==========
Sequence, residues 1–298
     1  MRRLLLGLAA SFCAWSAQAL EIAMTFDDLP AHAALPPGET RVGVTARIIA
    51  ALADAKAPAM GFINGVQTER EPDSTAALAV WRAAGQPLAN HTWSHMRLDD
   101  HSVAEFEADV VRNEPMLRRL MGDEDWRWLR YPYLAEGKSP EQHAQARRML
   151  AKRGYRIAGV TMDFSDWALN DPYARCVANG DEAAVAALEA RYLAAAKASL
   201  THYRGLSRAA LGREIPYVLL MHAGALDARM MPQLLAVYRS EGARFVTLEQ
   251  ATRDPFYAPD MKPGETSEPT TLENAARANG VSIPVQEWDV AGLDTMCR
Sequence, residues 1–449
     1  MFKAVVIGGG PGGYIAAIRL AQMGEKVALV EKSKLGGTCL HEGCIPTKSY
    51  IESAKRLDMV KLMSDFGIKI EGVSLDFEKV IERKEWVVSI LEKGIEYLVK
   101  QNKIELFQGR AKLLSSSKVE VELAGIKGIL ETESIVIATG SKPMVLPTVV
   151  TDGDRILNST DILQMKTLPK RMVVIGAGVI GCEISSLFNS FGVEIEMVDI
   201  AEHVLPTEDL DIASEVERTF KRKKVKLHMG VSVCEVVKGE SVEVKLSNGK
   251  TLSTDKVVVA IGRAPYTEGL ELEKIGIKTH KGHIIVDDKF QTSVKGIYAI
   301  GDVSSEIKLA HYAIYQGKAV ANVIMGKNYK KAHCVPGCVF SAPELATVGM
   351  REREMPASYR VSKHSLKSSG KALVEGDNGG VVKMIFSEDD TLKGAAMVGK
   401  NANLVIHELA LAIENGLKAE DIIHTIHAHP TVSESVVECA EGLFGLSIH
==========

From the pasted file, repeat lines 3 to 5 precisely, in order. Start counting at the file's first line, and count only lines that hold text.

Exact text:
    51  ALADAKAPAM GFINGVQTER EPDSTAALAV WRAAGQPLAN HTWSHMRLDD
   101  HSVAEFEADV VRNEPMLRRL MGDEDWRWLR YPYLAEGKSP EQHAQARRML
   151  AKRGYRIAGV TMDFSDWALN DPYARCVANG DEAAVAALEA RYLAAAKASL